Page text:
I can honestly say that that IS our hearts as pastors. When we see new believers blossom into “true-blue” blood-bought “bonafide” Christians, it keeps us going. Paul was grateful to God and prayed night and day that God would somehow use his life to help the believers in any way.

So Paul prayed; 1 Thessalonians 3:11-13 is a beautiful prayer, that God would make a way for Paul to visit them again – for their love to grow more and more – and that God would establish their hearts so that when Jesus came for them, they would truly be ready for His return.

When I read this chapter I can’t help but think of the many people I’ve had the privilege and honor to meet over the years – on mission’s trips, or after altar calls; they might come forward after a church service for prayer and I wonder how they’re doing? What a blessing when you get that report – they’re doing well and still walking strong with the Lord.

I remember back around 1999 I was part of an outreach that took a good amount of time, effort, and money. At the end of the event when I extended the invitation for salvation, only one person came forward. My flesh wondered if it had all been futile – was all this toil, time and trouble in vain? But as I write these words, over two decades later I still see this person, from time to time, who loves the Lord and has been on mission’s trips all around the world – and then just last year she went on staff at a local Calvary Chapel!

What joy for me to see God’s wonderful work in the lives of His people! I’m sure you feel the same way.


Psalm 80:1-19

This is another one of the Psalms of exile. The nation is being disciplined and the prayer rises as a cry for God’s intervention. The Psalmist gives  a simple summary of the way the Lord had redeemed Israel out of Egypt and planted her in the glorious land, but now, she had become the laughing stock of the world.

The Psalmist prays three times for God’s restoration, for God’s favorable expression, for God’s salvation (Psalm 80:3, 7, 19).

Psalm 80:3 (NKJV) “Restore us, O God; cause Your face to shine, and we shall be saved!”

It’s getting hard Lord – it’s been a long time Lord, and have been many, many tears.

Psalm 80:4–5 (NKJV) “O LORD God of hosts, how long will You be angry against the prayer of Your people? 5 You have fed them with the bread of tears, and given them tears to drink in great measure.”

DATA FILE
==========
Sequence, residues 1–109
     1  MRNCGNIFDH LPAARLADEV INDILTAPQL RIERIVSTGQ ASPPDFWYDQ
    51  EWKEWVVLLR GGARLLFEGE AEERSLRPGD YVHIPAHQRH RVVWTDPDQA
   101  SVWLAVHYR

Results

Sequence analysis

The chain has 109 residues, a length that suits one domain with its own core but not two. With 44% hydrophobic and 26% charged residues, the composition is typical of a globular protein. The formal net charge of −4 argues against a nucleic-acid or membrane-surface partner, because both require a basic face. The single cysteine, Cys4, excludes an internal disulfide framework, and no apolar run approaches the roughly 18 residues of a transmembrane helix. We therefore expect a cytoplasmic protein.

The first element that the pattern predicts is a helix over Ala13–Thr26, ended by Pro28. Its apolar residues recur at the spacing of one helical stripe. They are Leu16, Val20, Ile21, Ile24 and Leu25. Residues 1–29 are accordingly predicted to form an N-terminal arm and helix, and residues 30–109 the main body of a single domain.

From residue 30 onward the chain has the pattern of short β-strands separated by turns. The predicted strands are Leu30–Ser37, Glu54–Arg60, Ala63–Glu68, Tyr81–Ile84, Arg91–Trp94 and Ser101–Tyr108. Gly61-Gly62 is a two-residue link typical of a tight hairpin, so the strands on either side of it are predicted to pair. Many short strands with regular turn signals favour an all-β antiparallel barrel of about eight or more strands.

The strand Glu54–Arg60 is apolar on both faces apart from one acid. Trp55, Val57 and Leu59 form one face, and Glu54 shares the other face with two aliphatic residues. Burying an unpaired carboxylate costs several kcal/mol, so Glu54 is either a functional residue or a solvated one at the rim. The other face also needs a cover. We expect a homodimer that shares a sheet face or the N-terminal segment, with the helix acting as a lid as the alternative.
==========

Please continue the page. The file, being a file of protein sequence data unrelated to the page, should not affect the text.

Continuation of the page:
The Psalmist identifies Israel as a vine (Psalm 80:8). We see similar comparisons in Isaiah 5, Matthew 20 and elsewhere in the Scriptures. God expected fruit, but there was none; so the day came when He disciplined His people. The church is also compared to a vine (John 15). Am I bearing fruit?

The Psalmist prayed for the men in a general sense:

Psalm 80:17 (NKJV) “Let Your hand be upon the man of Your right hand, upon the son of man whom You made strong for Yourself.”

Some say this is reference to Benjamin (son of my right hand) and Israel, but we would all benefit from God’s hand upon us.

Not matter what you’re going through, I encourage you to keep praying friend, don’t lose heart. Not just for survival, but full-on revival Lord. That’s our prayer.

Psalm 80:18b (NKJV) “Revive us, and we will call upon Your name.”


Proverbs 25:1-5

Proverbs 25:1-2 (NKJV) “These also are proverbs of Solomon which the men of Hezekiah king of Judah copied: 2 It is the glory of God to conceal a matter, but the glory of kings is to search out a matter.”

Deuteronomy 29:29 tells us that the secret things belong to the LORD. God doesn’t tell us everything, we can’t handle it, we wouldn’t know what to do with it. The truth is, if Joseph knew what was going on, early on, it may have ruined his life…so God covered it, concealed it from Him.

Something else God covers, is our sin. I’m not saying He doesn’t expose some of it sometimes, but where would we be if everyone knew everything about us?

It is the glory of God to conceal a matter. God knows it all, but in His glorious grace He doesn’t reveal it all, that’s one of the things that makes Him great.

But man, on the other hand, finds his glory in discovering things. Whether it be a king who needs to conduct some sort of investigation in order to find out what’s really going on, or a scientist looking under a microscope, a student through a telescope, it’s the glory of man to uncover things.

God hides His plans, our sins, and many hidden treasures; and man does what he can, when it’s right, to discover them.

Proverbs 25:3 (NKJV) “As the heavens for height and the earth for depth, so the heart of kings is unsearchable.”

Proverbs 25:3 (NLT) No one can comprehend the height of heaven, the depth of the earth, or all that goes on in the king’s mind.”

NET Notes, “The proverb is affirming a simple fact: The king’s plans and decisions are beyond the comprehension of the common people. While the king would make many things clear to the people, there are other things that are “above their heads” or “too deep for them.” They are unsearchable because of his superior wisdom, his caprice, or his need for secrecy. Inscrutability is sometimes necessary to keep a firm grip on power.”

It kind of goes hand-in-hand with the previous passage.

“As there is,” says Bishop Hall, “a foolish wisdom, so there is a wise ignorance. I would fain know all that I need, and all that I may. I leave God’s secrets to himself. It is happy for me that God makes me of his court, though not of his council. O Lord, let me be blessed with the knowledge of what You have revealed. Let me content myself to adore Your divine wisdom in what You have not revealed.”

Proverbs 25:4 (NKJV) “Take away the dross from silver, and it will go to the silversmith for jewelry. 5 Take away the wicked from before the king, and his throne will be established in righteousness.”

It’s been said, “An evil harbored is even more unsettling than an evil exposed.” – Derek Kidner

It’s true nationally, it’s true of a company, it’s true even in ministry, that it’s wise to weed out the wicked…then these different entities will find stability.

When Solomon was empowered by his father David, he was counseled to weed out the wicked from before his presence (1 Kings 2). Then his throne was established.

If you have any questions or comments on today’s reading, or you’d like to share something the Lord showed you, feel free to leave a reply below. I’d love to hear from you as we grow forward in 2021.